By Liz Bergren
Social-emotional learning (SEL) is becoming more and more necessary in mainstream curriculum. Not only is SEL valuable in its own right, it also can positively affect learning and achievement. According to an Education Week story about the “State of America’s Schools” report from Gallup, “School leaders should not neglect the social and emotional factors that help students thrive, and they should empower teachers so that they are more engaged and effective in the classroom. The right leadership and the engagement of teachers and students are all one very important ecosystem.”
The big concern, as we know, is that between classrooms overflowing with children and the pressure to meet state standards, little to no time is left for SEL. But there are times during the early childhood or elementary school day when SEL can take place without having to create full lesson plans or units. SEL can become an organic part of the day, not just something that gets squeezed in. SEL helps kids understand and handle their feelings, and it can lead to greater academic engagement.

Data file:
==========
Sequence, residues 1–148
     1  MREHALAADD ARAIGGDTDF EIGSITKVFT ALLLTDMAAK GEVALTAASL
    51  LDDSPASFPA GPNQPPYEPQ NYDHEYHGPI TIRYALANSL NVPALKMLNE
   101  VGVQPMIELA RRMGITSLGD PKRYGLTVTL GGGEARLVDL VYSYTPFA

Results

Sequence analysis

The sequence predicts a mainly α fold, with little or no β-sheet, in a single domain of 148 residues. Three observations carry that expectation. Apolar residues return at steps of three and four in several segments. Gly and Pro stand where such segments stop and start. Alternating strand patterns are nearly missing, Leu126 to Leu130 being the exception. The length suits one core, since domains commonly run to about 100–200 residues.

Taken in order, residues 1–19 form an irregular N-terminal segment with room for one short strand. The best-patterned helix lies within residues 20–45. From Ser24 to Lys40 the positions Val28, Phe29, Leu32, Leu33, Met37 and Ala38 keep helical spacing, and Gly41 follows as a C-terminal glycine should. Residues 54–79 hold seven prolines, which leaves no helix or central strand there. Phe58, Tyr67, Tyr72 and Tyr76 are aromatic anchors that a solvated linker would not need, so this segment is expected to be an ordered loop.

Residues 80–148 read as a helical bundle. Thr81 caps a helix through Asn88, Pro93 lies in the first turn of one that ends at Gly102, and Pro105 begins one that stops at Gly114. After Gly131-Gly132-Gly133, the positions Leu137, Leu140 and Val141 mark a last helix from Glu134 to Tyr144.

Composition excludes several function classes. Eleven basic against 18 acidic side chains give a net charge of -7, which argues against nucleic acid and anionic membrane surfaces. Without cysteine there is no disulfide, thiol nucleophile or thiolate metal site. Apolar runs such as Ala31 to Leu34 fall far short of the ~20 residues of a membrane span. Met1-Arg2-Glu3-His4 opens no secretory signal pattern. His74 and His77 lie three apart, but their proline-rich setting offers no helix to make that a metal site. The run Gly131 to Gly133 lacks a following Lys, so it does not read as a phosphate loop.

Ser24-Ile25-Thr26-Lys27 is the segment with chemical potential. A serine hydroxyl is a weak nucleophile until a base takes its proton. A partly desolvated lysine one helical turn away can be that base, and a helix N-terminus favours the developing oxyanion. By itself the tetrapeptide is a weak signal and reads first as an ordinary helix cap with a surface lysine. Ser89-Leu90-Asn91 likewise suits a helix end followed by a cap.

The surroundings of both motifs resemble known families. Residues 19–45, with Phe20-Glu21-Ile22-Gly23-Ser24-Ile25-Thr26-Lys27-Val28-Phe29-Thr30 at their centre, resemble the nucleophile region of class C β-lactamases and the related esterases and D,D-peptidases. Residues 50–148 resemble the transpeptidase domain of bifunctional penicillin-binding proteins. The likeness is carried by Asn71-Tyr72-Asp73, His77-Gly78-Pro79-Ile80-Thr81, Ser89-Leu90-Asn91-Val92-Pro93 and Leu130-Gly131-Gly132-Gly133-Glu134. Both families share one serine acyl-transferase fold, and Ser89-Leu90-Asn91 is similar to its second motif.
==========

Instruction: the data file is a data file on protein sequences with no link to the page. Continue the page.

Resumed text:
Here are a few ideas.
1. Greeting Circle Activity
Many elementary classrooms start the day with circle time or a morning meeting. This is a perfect space and time to fit in something that increases engagement and connection among peers. The Greeting Circle is a quick exercise that promotes appropriate greeting, eye contact, friendly exchange, and relationship building. Organize students into an inside circle and an outside circle, facing each other. Starting with a greeting gesture that is comfortable for students, such as a handshake, high five, or fist bump, have them look their peers in the eye and greet them. Then have them talk for 15 to 30 seconds, depending on the age of your students (this activity may not be appropriate for kindergarten or first-grade students), about a topic of your choice. Some good examples for early in the school year might be, “What was the most fun thing you did over the summer?” “What are you most looking forward to in __ grade?” Have the inner circle rotate to the next person after the 15 to 30 seconds and repeat the discussions until everyone has had a chance to greet one another.